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Is passenger an insured?

Is passenger an insured?

September 24
08:36 2020

Is passenger an insured?

In October 2012, Monika Schmidt was a passenger in a vehicle driven by her friend, Deborah Fisher, when it was struck by a vehicle driven by Robert Bromley. Bromley had a Progressive insurance policy with $50,000/$100,000 liability coverage. Fisher had an Allstate policy with $100,000/$300,000 liability coverage as well as underinsured motorist coverage of $100,000.

Schmidt qualified as an insured under Fisher’s policy, which defined “Insured Person(s)” as “any person while in, on, getting into or out of, or getting on or off of an insured auto with your permission.”

In August 2014, Schmidt filed a complaint against Bromley and Fisher, alleging that both negligently operated their vehicles. Allstate defended Fisher. Schmidt demanded Fisher’s policy limits for underinsured motorist coverage from Allstate. After unsuccessful settlement negotiations, Schmidt amended her complaint to include an underinsured motorist claim against Allstate and a bad faith claim based on Allstate’s handling of that claim.

Schmidt alleged that Allstate breached its duty of good faith and fair dealing with respect to her as its insured by, among other things, failing to promptly inform her of the existence of the underinsured motorist coverage under its policy, failing to promptly respond to her claim, failing to make a reasonable settlement offer, failing to promptly assign an adjuster to her claim, falsely asserting that she had to file suit against Allstate before her claim would be considered, and demanding that Fisher be dismissed from the lawsuit before it would consider Schmidt’s claim. Allstate and Schmidt ultimately settled the underinsured motorist claim.

In February 2016, Bromley was dismissed from the case.

In April 2017, Allstate filed a motion for summary judgment, asserting that it did not act in bad faith in handling Schmidt’s underinsured motorist claim. Schmidt filed a response and designated evidence regarding Allstate’s handling of that claim.

In September 2017, the trial court issued an order denying Allstate’s motion, concluding that a genuine issue of material fact existed regarding whether Allstate had acted in bad faith.

In October 2017, Allstate filed a second motion for summary judgment, asserting for the first time that it did not owe Schmidt a duty of good faith because she “is not the named insured under the insurance policy, or even a party to the contract of insurance[.]” Schmidt filed a response and designated evidence in opposition to Allstate’s motion. She also filed a motion for sanctions and contempt, which was not included in the record before the appellate court.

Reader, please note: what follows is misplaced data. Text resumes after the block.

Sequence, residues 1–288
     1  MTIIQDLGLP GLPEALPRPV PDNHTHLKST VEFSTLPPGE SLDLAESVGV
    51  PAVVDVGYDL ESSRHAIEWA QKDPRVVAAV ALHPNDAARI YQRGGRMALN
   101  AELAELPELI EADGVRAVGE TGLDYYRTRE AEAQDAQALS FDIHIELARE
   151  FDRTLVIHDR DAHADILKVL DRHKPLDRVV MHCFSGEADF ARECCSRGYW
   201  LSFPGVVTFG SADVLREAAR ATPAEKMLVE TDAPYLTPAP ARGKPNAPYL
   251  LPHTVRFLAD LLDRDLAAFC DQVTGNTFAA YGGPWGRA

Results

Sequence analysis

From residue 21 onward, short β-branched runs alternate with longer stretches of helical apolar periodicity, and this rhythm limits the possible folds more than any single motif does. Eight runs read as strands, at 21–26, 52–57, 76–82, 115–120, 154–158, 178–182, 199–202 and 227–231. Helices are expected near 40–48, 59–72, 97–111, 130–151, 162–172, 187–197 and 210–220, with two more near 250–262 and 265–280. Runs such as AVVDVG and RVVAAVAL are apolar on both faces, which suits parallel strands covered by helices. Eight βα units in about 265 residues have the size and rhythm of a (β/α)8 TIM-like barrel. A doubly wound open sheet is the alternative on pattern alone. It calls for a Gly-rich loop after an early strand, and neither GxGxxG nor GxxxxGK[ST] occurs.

In June 2019, the court issued an order approving the stipulated dismissal of Fisher from the case and directing entry of final judgment for Allstate. Schmidt appealed.

On appeal, Schmidt noted that the relationship between her and Allstate was “that of insured and insurer” and that she had “duties and obligations under the cont[r]act of insurance.” More specifically, Schmidt observed that she “was in a relationship with Allstate that was both fiduciary in nature[,] requiring her to give statements, make honest representations, submit to medical examination[,] and provide private health information at the request [of] Allstate, and adversarial in the context of her first-party [underinsured motorist] claim.”

Aside from the fact that Schmidt did not sign the insurance contract and pay premiums on the policy, the appellate court said, it could see little difference between the nature of her contractual relationship with Allstate as an additional insured and the nature of Fisher’s so-called “special relationship” with Allstate as a policyholder. Moreover, the court said, the Indiana uninsured/underinsured motorist statute “does not differentiate between policyholders and additional insureds.”

Indiana law has long recognized that a legal duty is implied in all insurance contracts that the insurer deal in good faith with its insured (the so-called Webb analysis). Whether breach of this duty constitutes a tort involves a judicial balancing of three factors: (1) the relationship between the parties, (2) the reasonable foreseeability of harm to the person injured, and (3) public policy concerns.

A balancing of the three Webb factors “weighs conclusively in favor of concluding that an insurer owes a duty of good faith and fair dealing to an insured who is not the policyholder.” The court reversed the trial court’s entry of summary judgment for Allstate and remanded the case for further proceedings on Schmidt’s bad faith claim, including her motion for sanctions and contempt.

Schmidt v. Allstate Property & Casualty insurance Company—Court of Appeals of Indiana—February 12, 2020—No. 19A-CT-1489.

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